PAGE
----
Archives For APPR
We have worked more than four years under an expired contract. We deserve more!
The Movement of Rank and File Educators believes we should not accept any contract that fails to win the following:
1. Full retroactive pay: We have lived through four years of a wage freeze. Yet our bills, living costs, and transportation have not been frozen. If we agree to a contract now that doesn’t give us full retroactivity we are inviting the city to simply stall all future negotiations in order to impose a de facto wage freeze on us again and again.
2. Clear, enforceable language for reduction of paperwork: The new evaluation scheme, with its artifact collection and the scrutiny of lesson plans, has brought with it enormous paperwork burdens. The current contractual language for paperwork reduction (Article 8I) is toothless, while our right to control lesson plan format (8J) has become difficult to enforce.
3. Revision of the teacher evaluation plan to fix:
- The Measures of Student Learning that inappropriately rate teachers on work outside of their own subject area and classes.
- The use of the Danielson Framework, a one-size-fits-all rigid teaching prescription that takes away all teacher autonomy.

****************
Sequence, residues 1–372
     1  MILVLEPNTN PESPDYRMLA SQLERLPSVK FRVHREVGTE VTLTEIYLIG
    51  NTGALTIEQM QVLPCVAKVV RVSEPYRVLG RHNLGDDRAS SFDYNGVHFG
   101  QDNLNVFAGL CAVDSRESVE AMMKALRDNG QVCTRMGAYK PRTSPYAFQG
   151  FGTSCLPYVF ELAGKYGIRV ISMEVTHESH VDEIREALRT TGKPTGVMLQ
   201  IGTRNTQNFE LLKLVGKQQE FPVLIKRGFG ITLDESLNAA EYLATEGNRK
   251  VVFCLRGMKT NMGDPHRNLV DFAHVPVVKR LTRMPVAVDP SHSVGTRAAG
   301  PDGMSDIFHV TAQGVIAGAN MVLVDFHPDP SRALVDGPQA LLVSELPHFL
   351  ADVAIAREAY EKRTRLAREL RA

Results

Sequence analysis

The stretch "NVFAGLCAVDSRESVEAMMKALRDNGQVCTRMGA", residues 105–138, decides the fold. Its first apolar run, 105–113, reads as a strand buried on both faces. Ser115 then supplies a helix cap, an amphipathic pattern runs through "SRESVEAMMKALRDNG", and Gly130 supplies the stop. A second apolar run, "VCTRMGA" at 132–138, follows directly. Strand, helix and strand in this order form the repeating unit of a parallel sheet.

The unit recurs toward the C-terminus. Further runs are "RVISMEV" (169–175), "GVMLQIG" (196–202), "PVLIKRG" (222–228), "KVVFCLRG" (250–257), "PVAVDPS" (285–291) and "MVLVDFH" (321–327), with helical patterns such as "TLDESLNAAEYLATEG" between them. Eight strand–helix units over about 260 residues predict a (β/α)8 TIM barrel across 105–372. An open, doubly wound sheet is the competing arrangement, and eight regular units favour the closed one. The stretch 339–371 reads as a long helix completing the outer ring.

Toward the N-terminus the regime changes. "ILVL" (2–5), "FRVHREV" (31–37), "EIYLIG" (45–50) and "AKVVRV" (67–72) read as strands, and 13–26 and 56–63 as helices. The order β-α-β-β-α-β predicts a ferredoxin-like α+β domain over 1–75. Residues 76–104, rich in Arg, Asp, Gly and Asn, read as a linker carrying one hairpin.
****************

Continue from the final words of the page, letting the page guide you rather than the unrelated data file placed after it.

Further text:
- The problematic use of high stakes tests in teachers’ evaluations. As the UFT’s 2007 task force said, “The American Education Research Association has stated that tests are always fallible and should never be used as high stakes instruments.”
4. Pattern Bargaining: In 2008 most municipal union workers received 4% raises; UFT members have yet to receive anything. Pattern bargaining has been the traditional method for deciding raises for many years, we can not allow the city to deviate from this, because it will set a precedent that will allow them to negotiate no raises for UFT in coming years. This process has kept our unions strong and working together for many years, not receiving the same raise as the other city workers would threaten the very being of the labor movement in NYC.
5. Increased Wages: The city will argue they cannot afford to pay us the retroactive wages we deserve and increase our salary. The data says otherwise: Since 2005, the city has had annual budget surpluses ranging from $2 billion to well over $4 billion. Mayor Bloomberg’s 2014 Executive Budget states that Wall Street profits rose to $23.9 billion in 2012, (third highest on record) and will be $13.4 billion in 2013, tax revenue continues to increase. Let’s not forget the city continues to waste money; The Office of the New York State Comptroller issued an audit examining the DOE’s $342 million in non-competitive contracts. In 2013 the cost of the networks that’s schools belong to was at least $76.6 million. Millions of dollars are wastefully spent on educational consultants, test prep companies, Common Core/Danielson implementation, and on other failed projects such as ARIS and CityTime. We live in the most expensive city in the world and it’s time to give UFT members the raises we deserve!